The Big Lunch
As ever, there’s another big Cyrenians event with food coming up – this time at our Community Garden at the Royal Edinburgh Hospital – it’s our Big Lunch Event on June 3rd from 12.30 – and having eaten several times up at the Gardens I can promise you fine fare and good fun!
The lunch is part of our 50th Anniversary events. It’s also one of a huge network of “Big Lunch” events run by the Eden Project right across the country. To quote their website: “it’s a simple idea – that for a few glorious hours, cars stop, shyness stops and neighbours come together in the street to meet, greet, share, swap, sing, plan and laugh”
As is so often the case, it’s the simplest ideas which are often the best and most powerful. In Cyrenians we know the power of sharing food as a catalyst for change: our community cook clubs, the centrality of food in our communities and many other of our services, the developments around our Flavour and Haver Cook School and so much more.
The sharing of food can help transcend divides and build bridges which can seem insurmountable. Many years ago I worked in an intermediate treatment project – an alternative to custody for young teenagers. If I ever wanted to broach a difficult subject, especially one which involved refection on how the group members felt, I would dump the programme and head to the kitchen and make chip butties . Not part of any healthy eating programme but time and time again I found the conversation round the table eating what could be best described as “comfort food” got to a depth rarely achieved by conversion at a group work activity.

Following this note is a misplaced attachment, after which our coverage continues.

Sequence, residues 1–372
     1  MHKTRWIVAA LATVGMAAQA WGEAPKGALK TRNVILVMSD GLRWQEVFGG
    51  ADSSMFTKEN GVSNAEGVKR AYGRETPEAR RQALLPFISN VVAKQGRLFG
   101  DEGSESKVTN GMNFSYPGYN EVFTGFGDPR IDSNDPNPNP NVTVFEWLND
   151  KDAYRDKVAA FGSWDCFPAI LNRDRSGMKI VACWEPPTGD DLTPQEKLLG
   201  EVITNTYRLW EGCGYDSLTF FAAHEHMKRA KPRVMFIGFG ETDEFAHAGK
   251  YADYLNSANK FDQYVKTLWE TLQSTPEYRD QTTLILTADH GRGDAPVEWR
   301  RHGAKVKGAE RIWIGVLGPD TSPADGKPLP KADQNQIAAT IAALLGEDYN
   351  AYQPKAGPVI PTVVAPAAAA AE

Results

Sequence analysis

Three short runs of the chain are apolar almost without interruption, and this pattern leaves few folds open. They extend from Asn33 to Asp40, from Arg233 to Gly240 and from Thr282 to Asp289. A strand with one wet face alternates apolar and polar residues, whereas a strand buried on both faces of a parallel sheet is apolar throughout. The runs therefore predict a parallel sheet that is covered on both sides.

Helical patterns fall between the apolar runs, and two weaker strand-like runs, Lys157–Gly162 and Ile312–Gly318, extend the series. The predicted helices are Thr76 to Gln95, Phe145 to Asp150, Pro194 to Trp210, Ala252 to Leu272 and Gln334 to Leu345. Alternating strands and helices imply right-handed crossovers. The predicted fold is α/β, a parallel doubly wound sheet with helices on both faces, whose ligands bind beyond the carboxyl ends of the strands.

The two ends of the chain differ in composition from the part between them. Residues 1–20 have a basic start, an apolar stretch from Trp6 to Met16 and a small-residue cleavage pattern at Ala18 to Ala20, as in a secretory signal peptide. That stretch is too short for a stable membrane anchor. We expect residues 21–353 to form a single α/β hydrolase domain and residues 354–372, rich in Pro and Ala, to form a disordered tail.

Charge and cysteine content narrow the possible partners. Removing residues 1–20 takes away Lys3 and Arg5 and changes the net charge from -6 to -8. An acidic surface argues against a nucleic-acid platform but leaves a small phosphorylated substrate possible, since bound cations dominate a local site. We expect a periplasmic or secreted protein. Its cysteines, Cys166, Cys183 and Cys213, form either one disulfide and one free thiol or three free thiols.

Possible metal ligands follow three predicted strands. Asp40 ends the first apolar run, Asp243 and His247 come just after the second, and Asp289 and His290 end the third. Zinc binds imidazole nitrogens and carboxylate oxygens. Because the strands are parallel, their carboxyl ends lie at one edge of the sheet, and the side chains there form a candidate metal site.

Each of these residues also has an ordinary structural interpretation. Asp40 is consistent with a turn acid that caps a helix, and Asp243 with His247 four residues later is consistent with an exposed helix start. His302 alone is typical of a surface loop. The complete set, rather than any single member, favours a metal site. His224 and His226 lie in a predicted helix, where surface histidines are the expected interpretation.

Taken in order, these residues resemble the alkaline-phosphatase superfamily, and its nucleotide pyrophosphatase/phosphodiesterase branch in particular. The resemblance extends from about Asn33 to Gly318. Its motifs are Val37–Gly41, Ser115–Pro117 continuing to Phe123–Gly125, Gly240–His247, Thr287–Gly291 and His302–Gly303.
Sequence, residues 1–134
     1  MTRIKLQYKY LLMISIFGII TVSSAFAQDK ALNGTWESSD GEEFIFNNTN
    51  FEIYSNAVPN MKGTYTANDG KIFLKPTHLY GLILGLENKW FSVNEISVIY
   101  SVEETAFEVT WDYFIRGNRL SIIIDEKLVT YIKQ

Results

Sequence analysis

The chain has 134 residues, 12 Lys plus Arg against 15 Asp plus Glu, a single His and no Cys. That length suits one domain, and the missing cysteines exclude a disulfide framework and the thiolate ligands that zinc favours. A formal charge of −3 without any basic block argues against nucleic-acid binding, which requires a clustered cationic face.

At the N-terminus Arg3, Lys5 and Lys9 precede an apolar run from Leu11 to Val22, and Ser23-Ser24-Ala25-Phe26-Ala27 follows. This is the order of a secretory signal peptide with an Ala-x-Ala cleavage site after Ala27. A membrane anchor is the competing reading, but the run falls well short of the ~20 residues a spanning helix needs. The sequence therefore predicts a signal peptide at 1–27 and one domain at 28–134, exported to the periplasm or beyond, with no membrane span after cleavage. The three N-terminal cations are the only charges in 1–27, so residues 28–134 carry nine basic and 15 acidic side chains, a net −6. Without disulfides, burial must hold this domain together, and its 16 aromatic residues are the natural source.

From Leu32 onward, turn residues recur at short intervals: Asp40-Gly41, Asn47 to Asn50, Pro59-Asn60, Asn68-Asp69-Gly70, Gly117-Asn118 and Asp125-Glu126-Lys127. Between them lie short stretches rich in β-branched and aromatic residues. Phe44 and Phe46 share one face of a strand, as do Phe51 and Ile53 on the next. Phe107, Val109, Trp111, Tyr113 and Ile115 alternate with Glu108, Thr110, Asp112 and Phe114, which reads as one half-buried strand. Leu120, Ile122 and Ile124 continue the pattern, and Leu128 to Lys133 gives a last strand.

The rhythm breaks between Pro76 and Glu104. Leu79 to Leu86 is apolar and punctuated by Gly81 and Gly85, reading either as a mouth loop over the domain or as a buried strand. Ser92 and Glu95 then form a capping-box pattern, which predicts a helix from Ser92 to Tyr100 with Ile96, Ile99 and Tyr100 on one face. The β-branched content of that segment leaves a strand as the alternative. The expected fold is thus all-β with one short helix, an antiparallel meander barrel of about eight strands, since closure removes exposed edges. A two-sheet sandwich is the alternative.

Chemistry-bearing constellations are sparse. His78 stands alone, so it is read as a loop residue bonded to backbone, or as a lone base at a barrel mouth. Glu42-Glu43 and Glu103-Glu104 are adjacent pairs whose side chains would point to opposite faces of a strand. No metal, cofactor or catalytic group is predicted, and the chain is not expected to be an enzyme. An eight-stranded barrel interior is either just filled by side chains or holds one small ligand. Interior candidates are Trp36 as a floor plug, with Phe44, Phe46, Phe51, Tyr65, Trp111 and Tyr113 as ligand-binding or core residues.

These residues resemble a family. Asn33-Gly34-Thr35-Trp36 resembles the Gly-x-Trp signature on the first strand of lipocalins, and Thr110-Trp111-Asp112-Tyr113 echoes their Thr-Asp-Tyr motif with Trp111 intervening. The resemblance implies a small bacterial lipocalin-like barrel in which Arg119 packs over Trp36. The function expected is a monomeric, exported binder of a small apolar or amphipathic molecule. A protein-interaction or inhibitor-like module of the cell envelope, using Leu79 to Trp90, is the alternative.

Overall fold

The real impact of shared food is the conversations it engenders. It remind us subconsciously of our common humanity, unpacking our prejudice or our assumptions about others. Many years ago I worked in a hostel in Tiberius on the Sea of Galilee. It was one of many hotels and hostels but it has one key difference – it deliberately employed both Israeli Arabs and Jews along with Palestinians. It wasn’t easy at times, some difficult conversations and crunchy moments as external tensions spilled into the workplace. But time and again, when staff gathered to eat or even just to drink coffee, conversations happened which otherwise would have been very unlikely if not impossible elsewhere.
It wasn’t perfect – at time arguments flared which gave sight to how deep rooted the divisions were. Some days were downright uncomfortable. But yet there was hope, and it always showed itself when food was being shared and our common humanity was rediscovered.
The Big Lunch may not stop the war in the Middle East – but still has the potential to be a candle in the darkness, a sign of hope in a sometimes challenging world. As the American Civil rights activist Cesar Chavez put it “If you really want to make a friend, go to someone’s house and eat with him…the people who give you their food give you their heart.”